Emma Bowman

The National Hockey League resumed play on Saturday, with players emerging from the "bubbles" they've been hunkering down in since July 26.

And so far, players are staying healthy. Since relocating to the bubbles — in two Canadian cities, Edmonton and Toronto — the league says it's given more than 7,000 tests to players on 24 teams, and none have come back positive for COVID-19.

The key to keeping the league safe, says NHL Commissioner Gary Bettman, has been to "be as flexible as possible."

The Department of Homeland Security has reassigned its top intelligence official, according to media outlets, following news that his office compiled intelligence reports on journalists and protesters in Portland, Ore.

Scientists are in a sprint to find a vaccine that could stamp out the coronavirus pandemic. Dr. Anthony Fauci, the nation's top infectious diseases expert, said on Friday he's "cautiously optimistic" that a safe and effective COVID-19 vaccine will be ready for distribution in early 2021.

In the late 1950s, Kenneth Felts met a young man who became the love of his life.

Felts, now 90 years old, had not revealed that relationship to his family until a few months ago, when he finally told his daughter, Rebecca Mayes, that he is gay — a secret he'd been keeping for more than 60 years. It happened in mid-March, when Felts was quarantining because of the coronavirus pandemic.

The two spoke about Felts' first love, Phillip, during a remote StoryCorps conversation from Arvada, Colo., this month.

Raphael Bostic, president and CEO of the Atlanta Federal Reserve Bank, says racism is a danger to the health of America's economy.

In a recent opinion piece, Bostic reflected on the recent protests against police brutality that he says are fueled, in part, by economic inequalities that stem from systemic racism.

By the age of 4, Hadiyah-Nicole Green had lost both her mother and her grandparents.

She was sent to live with her Aunt Ora Lee Smith and Uncle General Lee Smith in St Louis, Mo. But in her early 20s, both her aunt and uncle were diagnosed with cancer.

Green, who now works as an assistant professor in the surgery department at Morehouse College's medical school, started the Ora Lee Smith Cancer Research Foundation in honor of her late aunt.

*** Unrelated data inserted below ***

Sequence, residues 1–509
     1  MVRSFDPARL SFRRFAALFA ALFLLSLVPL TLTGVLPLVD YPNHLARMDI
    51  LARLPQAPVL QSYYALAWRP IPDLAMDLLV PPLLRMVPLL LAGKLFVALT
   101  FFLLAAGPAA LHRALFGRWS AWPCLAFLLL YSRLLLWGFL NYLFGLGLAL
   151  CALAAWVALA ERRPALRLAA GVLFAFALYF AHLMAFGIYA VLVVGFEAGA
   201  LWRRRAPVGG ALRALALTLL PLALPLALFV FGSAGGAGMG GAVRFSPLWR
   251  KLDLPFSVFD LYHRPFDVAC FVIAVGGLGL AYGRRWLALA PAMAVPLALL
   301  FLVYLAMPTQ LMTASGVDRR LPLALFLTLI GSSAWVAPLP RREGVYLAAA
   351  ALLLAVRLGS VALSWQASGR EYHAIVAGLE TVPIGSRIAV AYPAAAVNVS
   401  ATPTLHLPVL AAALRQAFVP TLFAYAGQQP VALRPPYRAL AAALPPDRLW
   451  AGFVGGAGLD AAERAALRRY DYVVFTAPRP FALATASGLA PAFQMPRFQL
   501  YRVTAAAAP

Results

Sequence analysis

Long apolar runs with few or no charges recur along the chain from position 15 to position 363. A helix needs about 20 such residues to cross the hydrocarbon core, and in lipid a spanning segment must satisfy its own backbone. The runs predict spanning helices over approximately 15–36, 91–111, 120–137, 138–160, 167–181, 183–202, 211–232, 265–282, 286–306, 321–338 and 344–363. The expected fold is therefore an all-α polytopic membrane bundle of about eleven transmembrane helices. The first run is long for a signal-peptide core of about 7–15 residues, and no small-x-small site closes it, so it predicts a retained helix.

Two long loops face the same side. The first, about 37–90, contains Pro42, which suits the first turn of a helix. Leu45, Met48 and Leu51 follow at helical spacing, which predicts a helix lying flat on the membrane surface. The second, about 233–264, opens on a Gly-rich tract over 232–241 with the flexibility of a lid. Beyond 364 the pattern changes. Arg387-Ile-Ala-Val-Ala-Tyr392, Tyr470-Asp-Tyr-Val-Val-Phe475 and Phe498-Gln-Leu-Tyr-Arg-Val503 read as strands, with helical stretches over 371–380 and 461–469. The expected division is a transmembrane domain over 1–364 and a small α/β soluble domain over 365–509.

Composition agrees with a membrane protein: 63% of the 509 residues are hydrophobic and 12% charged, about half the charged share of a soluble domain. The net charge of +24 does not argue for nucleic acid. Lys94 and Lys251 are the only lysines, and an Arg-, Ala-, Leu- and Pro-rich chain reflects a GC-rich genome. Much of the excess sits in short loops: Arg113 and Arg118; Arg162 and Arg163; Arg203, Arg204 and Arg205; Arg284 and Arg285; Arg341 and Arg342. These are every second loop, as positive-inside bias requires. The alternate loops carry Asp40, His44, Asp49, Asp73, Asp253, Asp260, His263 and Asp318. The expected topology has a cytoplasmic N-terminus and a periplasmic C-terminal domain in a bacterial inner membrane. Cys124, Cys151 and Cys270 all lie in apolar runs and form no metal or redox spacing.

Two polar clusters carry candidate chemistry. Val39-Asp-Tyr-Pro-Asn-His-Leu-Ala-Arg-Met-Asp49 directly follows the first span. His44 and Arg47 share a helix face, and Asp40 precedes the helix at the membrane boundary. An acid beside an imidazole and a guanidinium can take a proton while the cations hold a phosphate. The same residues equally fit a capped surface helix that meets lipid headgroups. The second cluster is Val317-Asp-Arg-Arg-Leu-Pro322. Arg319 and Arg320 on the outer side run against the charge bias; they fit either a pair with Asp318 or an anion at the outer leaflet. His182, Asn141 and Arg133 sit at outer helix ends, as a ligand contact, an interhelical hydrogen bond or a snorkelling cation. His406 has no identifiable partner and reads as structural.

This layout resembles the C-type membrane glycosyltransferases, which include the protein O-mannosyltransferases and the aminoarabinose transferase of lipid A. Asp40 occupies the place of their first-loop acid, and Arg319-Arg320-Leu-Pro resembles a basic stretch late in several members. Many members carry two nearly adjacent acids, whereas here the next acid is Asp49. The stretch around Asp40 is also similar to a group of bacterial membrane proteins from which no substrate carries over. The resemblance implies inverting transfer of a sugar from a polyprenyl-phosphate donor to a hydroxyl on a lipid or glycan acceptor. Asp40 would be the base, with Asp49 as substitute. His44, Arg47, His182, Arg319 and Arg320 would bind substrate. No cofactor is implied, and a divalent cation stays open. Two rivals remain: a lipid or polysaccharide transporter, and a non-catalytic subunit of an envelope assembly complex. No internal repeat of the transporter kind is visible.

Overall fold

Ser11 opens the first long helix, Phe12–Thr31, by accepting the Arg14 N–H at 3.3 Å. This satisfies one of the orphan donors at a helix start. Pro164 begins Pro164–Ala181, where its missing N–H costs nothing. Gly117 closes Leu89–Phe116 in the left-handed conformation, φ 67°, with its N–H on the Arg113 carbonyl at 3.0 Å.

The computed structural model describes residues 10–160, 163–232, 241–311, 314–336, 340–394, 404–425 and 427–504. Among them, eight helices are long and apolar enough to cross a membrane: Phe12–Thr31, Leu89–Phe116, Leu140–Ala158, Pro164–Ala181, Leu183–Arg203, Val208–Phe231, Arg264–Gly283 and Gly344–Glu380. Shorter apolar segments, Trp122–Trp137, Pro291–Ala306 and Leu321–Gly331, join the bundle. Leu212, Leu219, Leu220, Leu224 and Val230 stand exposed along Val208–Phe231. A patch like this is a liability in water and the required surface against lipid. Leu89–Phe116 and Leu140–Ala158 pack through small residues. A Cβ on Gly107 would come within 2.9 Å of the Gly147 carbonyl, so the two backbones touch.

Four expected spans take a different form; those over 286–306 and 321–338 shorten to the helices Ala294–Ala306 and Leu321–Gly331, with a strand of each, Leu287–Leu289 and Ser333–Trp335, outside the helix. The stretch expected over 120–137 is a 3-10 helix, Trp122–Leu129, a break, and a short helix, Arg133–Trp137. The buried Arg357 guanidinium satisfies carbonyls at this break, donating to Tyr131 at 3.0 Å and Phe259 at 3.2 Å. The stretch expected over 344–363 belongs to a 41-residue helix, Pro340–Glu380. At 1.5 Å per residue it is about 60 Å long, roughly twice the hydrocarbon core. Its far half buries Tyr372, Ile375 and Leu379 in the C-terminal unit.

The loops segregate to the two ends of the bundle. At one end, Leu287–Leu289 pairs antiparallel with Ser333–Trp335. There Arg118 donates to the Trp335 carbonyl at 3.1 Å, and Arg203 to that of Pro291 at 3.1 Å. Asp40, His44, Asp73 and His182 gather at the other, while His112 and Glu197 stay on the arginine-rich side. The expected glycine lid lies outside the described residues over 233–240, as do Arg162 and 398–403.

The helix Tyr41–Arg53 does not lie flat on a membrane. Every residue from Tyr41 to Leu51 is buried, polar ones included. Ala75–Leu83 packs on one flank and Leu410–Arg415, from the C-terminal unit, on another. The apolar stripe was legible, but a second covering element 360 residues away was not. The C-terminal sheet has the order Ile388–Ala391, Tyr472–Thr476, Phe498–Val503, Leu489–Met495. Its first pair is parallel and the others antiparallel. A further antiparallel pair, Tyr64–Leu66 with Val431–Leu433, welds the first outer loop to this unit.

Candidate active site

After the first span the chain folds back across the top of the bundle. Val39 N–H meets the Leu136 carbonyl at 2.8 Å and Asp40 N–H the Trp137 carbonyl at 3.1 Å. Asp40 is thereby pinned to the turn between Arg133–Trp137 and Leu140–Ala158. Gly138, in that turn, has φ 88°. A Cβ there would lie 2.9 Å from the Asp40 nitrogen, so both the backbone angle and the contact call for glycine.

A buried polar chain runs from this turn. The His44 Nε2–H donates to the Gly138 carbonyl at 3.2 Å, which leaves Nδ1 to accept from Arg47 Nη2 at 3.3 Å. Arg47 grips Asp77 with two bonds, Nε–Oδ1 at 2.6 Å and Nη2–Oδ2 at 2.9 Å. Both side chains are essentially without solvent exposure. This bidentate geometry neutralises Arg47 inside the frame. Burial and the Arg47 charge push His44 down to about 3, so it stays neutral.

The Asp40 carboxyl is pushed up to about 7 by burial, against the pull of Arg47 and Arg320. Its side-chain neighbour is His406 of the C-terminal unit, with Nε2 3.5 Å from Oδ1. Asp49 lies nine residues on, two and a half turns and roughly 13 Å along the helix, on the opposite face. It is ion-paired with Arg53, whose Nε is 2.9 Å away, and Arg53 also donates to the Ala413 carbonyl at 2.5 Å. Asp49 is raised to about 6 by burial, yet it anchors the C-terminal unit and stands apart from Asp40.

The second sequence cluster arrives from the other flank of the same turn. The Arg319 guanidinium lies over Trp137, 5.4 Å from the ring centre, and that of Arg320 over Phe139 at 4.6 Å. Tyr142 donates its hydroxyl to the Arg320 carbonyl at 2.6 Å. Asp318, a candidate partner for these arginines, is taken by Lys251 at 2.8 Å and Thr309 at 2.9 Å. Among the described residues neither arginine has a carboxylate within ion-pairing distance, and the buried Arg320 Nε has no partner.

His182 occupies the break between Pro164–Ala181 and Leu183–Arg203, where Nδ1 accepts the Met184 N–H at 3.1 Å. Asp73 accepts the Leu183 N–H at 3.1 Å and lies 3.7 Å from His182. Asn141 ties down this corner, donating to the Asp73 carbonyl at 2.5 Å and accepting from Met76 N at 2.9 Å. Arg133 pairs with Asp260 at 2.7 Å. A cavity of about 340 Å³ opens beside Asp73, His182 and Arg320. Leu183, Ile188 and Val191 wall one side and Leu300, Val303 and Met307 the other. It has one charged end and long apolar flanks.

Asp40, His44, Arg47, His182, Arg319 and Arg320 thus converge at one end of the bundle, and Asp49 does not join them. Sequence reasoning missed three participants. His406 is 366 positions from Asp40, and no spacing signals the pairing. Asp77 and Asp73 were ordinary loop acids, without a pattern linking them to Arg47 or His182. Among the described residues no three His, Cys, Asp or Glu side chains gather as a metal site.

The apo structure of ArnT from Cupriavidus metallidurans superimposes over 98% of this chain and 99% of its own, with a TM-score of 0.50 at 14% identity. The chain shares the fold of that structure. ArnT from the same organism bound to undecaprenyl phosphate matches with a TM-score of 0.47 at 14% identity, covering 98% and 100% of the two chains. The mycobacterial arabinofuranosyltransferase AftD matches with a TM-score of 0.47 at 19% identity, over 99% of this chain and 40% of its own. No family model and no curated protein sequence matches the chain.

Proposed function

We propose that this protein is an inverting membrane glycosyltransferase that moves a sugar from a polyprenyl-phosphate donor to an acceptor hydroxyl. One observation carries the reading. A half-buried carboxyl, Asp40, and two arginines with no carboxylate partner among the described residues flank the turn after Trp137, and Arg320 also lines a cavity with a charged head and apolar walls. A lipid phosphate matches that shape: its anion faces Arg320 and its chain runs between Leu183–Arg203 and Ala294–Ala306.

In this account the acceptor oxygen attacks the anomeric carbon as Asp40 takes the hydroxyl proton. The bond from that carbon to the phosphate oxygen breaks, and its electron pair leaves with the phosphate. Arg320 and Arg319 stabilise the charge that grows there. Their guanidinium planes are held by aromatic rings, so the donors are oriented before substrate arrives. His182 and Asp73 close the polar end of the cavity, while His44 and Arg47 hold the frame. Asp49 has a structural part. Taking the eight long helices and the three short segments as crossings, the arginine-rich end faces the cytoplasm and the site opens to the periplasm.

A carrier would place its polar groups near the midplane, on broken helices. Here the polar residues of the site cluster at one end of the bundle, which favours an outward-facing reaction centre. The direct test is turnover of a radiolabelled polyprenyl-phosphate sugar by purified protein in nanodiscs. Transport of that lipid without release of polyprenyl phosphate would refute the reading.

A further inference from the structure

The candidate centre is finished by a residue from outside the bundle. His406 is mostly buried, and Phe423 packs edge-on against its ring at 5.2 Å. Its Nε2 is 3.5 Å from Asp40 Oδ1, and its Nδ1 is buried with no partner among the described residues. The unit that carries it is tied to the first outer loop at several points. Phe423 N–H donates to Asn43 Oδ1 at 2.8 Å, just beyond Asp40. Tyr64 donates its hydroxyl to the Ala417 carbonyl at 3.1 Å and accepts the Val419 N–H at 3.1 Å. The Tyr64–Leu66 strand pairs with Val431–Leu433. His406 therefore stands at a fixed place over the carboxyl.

The assassination of Martin Luther King Jr. in 1968 prompted educator Jane Elliott to create the now-famous "blue eyes/brown eyes exercise."

As a school teacher in the small town of Riceville, Iowa, Elliott first conducted the anti-racism experiment on her all-white third-grade classroom, the day after the civil rights leader was killed.

In a Fourth of July speech aimed at commemorating the military on Saturday, President Trump hit on familiar divisive themes, condemning the "radical left" and the media, which he accused of "slander."

During the second annual Salute to America event held on the South Lawn of the White House, the president drew a comparison between historical American wartime victories and stopping the "radical left."

Vivian Garcia Leonard studied to become a pharmacist in Cuba before coming to the U.S. in 1961.

Her daughter, also named Vivian, eventually followed in her mother's footsteps. So, too, did her daughter, Marissa Sofia Ochs. Today, the three generations of pharmacists live near each other and work in New York City.

But recently, the elder Vivian, who's 82, stopped working to limit her exposure to the virus.

In a remote StoryCorps conversation recorded last month, the women talked about living through the coronavirus pandemic.

Just months before starting his freshman year of high school, Cole Phillips lost his vision to glaucoma.

When he entered Bentonville West High School in Arkansas in the fall of 2016, he met Rugenia Keefe — or, as Phillips calls her, "Miss Ru" — a paraprofessional who attended classes with Phillips for the next four years.

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